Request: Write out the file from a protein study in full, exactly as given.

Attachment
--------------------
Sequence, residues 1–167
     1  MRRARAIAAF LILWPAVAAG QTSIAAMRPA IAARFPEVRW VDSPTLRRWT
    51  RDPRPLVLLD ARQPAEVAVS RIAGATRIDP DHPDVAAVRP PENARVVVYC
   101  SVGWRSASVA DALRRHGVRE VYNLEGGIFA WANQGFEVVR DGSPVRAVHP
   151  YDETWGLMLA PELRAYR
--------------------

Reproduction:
Sequence, residues 1–167
     1  MRRARAIAAF LILWPAVAAG QTSIAAMRPA IAARFPEVRW VDSPTLRRWT
    51  RDPRPLVLLD ARQPAEVAVS RIAGATRIDP DHPDVAAVRP PENARVVVYC
   101  SVGWRSASVA DALRRHGVRE VYNLEGGIFA WANQGFEVVR DGSPVRAVHP
   151  YDETWGLMLA PELRAYR